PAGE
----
A number of years ago, my husband and I bought a house in Scotland. (Note: a house, not a castle as people seem to have assumed!) It is my haven and the one place where I can concentrate on reading and writing, except for the times when I am playing Hostess and Tour Guide.

    A freelance writer who is not constantly and consistently on the bestseller list and does not also want a day job has to be able to do this, reinventing themselves and their writing every day.


  2. David, It’s fun being here today…but I notice that no part of my typical weekly schedule is in here. Or did I miss it? I see just the definitions, but the diary of my week is missing…

    • Laura,

      I’ll go in search of what I left off. My apologies! I’ve been out of pocket for a few days but will get cracking tomorrow.

      Thanks again for your thought provoking article.


  3. Thanks you Laura and Jane, for reassuring me a writer’s life is not as perfect as I would like it to be. The demands and the balancing act can be overwhelming even on a smaller scale than you two are experiencing. Love your websites filled with helpful information. Thanks again for visiting David’s blog. Mary Nida Smith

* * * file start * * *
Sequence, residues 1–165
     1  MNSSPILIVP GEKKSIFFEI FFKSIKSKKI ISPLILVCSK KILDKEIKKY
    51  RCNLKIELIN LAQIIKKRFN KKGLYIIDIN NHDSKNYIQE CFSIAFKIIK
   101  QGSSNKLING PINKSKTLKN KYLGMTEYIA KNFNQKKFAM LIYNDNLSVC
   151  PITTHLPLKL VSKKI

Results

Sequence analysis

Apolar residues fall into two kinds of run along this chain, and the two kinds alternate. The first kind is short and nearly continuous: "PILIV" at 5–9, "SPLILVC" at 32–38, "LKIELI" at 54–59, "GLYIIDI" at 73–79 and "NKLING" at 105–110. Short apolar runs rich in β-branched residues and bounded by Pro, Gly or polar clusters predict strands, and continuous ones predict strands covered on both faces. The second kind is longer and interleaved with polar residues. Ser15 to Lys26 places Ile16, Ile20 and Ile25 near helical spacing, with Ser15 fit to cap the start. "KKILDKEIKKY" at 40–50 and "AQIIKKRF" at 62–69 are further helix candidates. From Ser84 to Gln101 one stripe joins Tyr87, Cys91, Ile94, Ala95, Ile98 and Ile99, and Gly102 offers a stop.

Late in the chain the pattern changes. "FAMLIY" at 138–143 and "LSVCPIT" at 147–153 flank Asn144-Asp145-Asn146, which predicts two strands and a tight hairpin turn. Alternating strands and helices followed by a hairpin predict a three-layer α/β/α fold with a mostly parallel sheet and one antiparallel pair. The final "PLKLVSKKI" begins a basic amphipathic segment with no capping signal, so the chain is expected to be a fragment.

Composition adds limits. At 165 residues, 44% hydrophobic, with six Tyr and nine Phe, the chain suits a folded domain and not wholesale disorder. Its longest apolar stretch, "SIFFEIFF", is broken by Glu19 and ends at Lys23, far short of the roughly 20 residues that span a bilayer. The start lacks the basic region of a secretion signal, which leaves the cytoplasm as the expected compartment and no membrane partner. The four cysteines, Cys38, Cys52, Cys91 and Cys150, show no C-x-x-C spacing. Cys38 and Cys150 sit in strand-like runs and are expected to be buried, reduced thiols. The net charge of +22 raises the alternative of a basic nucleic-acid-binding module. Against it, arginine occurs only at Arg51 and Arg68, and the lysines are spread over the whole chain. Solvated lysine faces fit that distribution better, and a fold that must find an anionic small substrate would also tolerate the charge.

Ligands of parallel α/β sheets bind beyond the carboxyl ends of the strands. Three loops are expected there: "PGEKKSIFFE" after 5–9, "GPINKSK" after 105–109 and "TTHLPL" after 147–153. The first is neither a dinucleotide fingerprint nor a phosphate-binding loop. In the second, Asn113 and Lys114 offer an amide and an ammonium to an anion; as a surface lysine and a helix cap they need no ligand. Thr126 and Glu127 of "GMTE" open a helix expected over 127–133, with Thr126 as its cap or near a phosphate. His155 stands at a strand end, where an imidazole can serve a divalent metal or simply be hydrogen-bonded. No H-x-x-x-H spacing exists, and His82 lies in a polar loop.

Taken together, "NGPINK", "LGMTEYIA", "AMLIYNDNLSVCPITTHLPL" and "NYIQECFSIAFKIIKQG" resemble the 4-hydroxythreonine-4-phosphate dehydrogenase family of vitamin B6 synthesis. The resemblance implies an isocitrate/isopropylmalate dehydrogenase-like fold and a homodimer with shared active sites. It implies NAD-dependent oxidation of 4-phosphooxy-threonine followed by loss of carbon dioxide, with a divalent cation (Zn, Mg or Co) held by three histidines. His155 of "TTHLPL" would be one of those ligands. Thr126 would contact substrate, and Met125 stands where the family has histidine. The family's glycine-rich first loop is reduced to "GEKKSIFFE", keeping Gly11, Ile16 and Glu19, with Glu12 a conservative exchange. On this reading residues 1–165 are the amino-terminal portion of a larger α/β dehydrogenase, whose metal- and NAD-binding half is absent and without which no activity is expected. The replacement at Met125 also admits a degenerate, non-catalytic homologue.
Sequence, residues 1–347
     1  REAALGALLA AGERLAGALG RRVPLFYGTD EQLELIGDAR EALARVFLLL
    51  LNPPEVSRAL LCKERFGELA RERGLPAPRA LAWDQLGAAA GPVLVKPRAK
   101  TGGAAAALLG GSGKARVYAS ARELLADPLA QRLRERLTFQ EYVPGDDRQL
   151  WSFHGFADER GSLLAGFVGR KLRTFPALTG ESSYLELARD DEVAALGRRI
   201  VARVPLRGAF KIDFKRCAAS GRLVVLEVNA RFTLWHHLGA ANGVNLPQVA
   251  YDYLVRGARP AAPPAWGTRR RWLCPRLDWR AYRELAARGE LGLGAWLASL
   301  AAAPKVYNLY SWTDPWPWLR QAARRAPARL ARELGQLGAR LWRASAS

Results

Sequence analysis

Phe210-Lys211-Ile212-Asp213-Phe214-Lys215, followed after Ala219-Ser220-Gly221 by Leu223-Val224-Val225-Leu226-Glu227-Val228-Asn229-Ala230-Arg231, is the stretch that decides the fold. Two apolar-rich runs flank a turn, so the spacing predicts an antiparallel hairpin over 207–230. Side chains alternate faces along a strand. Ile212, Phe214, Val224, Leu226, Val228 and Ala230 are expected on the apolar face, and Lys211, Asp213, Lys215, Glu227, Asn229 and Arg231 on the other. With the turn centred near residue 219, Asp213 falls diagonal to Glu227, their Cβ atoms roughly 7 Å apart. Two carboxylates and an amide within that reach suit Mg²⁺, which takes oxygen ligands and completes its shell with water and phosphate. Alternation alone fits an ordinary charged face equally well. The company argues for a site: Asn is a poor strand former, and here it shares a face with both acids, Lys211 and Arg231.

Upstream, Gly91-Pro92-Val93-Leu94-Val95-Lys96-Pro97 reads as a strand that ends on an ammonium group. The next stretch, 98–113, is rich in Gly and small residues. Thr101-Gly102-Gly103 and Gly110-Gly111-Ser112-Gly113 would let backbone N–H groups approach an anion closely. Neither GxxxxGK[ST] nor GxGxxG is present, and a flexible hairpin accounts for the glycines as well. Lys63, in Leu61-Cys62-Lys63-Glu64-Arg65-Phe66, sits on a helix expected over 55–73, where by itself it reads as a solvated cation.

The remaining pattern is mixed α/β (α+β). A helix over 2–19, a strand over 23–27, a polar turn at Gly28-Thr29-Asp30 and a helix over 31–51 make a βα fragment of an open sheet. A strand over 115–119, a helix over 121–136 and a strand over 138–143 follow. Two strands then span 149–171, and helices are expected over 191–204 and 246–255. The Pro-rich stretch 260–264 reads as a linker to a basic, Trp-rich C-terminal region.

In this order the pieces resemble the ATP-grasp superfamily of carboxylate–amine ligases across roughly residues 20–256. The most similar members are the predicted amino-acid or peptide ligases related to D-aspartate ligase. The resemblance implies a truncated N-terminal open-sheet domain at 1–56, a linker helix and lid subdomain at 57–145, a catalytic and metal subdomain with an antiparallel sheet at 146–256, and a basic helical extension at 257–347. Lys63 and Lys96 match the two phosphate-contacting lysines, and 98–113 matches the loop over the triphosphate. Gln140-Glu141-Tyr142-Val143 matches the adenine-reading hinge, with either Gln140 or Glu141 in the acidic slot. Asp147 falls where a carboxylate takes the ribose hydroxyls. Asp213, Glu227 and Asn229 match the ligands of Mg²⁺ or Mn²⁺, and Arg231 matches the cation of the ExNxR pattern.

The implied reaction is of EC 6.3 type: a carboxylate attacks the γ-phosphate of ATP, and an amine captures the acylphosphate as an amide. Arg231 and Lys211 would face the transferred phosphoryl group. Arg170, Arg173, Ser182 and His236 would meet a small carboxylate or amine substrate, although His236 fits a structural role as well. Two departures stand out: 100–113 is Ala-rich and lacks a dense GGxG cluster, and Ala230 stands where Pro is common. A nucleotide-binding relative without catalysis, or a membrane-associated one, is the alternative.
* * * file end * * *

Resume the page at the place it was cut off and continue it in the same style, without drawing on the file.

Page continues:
4. Hi Mary–Yeah, I think we tend to idealize what it would be like. And wouldn’t you think that anyone with Jane’s wonderful publishing history and awards would NOT have to juggle like this? It’s both reassuring and terrifying to know that even writers of her stature do this.

    I guess it’s the same way I tend to think a chef, for instance, would get to work all the time on creating fabulous new dishes, but I’m sure that ends up being a small part of their day/week/month, too! All the promotion and business stuff and things to earn income while still having creative time…whew. It’s hard. But on the writing side, anyway, it’s well worth it!

    Keep on writing!

  5. Laura, I guess any job that we are passion about and we want to stand out above the crowd will involve being in overdrive most of the time. You are right, it is worth it. Thank you for all you do to keep us writers informed.